Mann then turned the discussion to the role of the media in fostering the current political landscape. Whitehouse noted that the media was contributing to the rise of conservatism in American politics in multiple ways. First, he said, media outlets backed by powerful corporations and political actors produced “right-wing propaganda.” According to Whitehouse, these media outlets have large budgets and clear-cut talking points for their writers, making it easy to push out conservative-slanted stories that influence the public opinion. In contrast, reputable media sources were struggling, he said, with many journalists simply too busy and under too much pressure to “generate clicks,” leaving them unable to dig into complex political situations and “look for the patterns.”

Steering the conversation to the fossil fuel industry, Morrison wondered how it had contributed to the circumstances described by Whitehouse.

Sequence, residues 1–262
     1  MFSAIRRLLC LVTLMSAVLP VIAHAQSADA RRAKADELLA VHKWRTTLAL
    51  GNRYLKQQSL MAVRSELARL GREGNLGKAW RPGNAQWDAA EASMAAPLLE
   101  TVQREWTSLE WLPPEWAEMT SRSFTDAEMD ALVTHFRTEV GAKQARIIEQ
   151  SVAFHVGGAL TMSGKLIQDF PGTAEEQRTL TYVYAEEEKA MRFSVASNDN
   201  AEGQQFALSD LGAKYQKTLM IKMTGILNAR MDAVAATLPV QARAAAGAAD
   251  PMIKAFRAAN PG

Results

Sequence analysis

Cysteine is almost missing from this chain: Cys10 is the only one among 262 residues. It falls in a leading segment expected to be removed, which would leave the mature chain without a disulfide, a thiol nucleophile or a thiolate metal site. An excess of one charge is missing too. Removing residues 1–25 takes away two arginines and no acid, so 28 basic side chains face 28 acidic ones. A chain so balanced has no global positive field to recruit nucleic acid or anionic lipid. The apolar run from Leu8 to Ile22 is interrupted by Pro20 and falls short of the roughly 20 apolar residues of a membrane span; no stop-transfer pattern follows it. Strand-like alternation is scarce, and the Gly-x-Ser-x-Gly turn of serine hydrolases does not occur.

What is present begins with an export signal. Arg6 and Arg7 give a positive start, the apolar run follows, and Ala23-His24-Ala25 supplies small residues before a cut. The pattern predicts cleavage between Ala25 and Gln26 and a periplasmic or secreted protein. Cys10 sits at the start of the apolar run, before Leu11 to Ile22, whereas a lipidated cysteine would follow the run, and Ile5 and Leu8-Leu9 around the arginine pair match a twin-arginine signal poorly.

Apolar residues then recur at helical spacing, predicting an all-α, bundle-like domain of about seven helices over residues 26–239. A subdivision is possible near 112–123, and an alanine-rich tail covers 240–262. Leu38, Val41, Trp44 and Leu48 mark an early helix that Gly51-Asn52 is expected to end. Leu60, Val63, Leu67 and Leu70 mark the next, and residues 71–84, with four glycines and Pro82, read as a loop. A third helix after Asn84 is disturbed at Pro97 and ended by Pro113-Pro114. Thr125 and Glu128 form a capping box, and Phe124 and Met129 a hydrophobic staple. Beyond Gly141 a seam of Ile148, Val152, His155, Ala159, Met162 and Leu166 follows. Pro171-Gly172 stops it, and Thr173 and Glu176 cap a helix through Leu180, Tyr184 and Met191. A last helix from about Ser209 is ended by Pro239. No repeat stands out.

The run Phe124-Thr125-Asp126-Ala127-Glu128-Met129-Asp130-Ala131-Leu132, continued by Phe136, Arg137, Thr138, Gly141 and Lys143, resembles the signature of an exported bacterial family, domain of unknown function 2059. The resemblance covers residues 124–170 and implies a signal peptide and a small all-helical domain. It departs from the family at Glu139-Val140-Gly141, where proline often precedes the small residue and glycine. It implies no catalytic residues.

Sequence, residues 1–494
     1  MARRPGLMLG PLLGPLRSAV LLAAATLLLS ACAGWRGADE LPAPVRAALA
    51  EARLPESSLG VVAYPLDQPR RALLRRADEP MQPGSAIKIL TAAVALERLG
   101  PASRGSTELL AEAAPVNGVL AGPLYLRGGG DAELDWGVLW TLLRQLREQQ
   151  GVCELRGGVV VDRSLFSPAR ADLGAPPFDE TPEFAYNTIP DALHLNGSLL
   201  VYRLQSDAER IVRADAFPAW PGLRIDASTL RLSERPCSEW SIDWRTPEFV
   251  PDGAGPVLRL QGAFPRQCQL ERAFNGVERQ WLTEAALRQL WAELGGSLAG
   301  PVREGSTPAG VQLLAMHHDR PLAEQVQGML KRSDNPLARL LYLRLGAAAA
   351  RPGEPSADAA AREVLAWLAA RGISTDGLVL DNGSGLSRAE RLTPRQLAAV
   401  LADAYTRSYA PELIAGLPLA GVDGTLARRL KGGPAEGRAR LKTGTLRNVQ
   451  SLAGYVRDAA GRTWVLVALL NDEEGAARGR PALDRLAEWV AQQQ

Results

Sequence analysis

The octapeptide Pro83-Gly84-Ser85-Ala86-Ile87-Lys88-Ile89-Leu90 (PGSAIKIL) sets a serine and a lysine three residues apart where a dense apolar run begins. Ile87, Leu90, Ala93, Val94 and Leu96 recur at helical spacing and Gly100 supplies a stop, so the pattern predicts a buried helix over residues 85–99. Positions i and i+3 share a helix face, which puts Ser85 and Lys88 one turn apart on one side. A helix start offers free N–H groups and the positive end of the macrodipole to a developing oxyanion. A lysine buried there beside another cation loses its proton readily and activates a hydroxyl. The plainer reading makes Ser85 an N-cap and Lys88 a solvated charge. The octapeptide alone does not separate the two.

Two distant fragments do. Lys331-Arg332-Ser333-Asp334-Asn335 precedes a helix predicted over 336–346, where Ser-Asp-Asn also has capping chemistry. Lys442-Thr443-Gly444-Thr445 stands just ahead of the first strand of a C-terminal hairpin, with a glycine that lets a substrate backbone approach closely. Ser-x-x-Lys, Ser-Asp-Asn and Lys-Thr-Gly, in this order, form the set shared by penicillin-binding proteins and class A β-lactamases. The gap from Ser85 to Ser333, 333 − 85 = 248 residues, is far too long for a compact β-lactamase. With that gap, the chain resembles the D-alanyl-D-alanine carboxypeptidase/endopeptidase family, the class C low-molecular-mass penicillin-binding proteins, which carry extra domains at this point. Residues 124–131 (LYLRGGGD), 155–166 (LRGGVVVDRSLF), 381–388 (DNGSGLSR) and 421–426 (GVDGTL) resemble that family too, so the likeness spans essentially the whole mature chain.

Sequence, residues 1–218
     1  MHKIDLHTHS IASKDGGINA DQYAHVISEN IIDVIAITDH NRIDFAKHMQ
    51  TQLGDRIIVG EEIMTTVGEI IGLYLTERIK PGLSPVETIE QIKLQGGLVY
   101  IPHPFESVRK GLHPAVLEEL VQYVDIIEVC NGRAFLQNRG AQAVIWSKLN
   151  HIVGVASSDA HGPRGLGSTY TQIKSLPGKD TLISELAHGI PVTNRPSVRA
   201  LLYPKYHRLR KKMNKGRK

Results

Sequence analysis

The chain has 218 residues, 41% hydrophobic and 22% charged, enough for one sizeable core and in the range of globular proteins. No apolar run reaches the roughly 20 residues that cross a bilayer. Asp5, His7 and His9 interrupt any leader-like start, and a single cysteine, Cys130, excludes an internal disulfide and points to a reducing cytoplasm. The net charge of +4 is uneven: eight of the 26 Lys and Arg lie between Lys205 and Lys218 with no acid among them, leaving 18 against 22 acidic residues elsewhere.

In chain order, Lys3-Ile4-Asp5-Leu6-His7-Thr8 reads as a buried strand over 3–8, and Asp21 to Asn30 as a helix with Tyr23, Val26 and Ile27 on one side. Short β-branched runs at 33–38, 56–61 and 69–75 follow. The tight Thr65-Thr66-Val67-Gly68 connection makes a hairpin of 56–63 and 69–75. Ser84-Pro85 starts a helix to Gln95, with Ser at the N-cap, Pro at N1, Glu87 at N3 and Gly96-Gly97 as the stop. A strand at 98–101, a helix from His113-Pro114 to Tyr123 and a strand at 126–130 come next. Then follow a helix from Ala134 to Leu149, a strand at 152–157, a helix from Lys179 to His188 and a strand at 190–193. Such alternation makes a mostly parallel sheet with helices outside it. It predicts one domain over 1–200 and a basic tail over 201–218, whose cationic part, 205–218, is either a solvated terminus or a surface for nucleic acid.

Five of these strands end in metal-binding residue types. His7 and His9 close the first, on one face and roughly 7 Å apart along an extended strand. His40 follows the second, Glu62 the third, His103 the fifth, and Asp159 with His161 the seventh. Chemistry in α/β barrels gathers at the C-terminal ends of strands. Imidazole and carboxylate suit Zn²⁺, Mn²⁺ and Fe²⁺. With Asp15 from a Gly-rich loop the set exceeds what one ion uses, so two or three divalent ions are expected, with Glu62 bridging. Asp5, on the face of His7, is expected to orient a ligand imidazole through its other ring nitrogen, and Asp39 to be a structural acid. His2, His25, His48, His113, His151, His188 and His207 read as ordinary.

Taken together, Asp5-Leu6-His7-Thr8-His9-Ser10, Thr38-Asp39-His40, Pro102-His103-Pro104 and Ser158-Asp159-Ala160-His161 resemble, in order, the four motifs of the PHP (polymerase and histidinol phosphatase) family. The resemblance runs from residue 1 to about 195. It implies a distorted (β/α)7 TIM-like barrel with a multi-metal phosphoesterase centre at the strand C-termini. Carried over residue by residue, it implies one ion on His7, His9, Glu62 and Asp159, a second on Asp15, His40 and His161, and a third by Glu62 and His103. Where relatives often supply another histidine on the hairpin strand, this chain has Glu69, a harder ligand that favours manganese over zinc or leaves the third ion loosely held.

Whitehouse responded that, according to the International Monetary Fund’s calculations, the annual subsidy for fossil fuels in the U.S. totals $660 billion, and the industry “wants to protect that subsidy at all costs.” Based on that incentive, Whitehouse doubted that there was an upper bound to the amount of dark money the fossil fuel industry could funnel into politics. 

Morrison also questioned the “persistent cultural attachment to fossil fuels in American life,” citing examples like the mockery of Prius drivers and the practice of rolling coal, where diesel engines are modified to emit more exhaust fumes.

Whitehouse suggested that even these cultural phenomena may trace back to the fossil fuel industry. “There’s at least a non-trivial chance that all of that is actually created by money being spent to whip people up,” he said.

Francisco reflected that Whitehouse’s message could be summed up in three words: “Follow the money.” Whitehouse concurred.

Michael Mann speaks at a panel.
Mann, whose research has been essential for the scientific understanding of climate change, wondered about the future of bipartisan climate change in a political system dominated by dark money.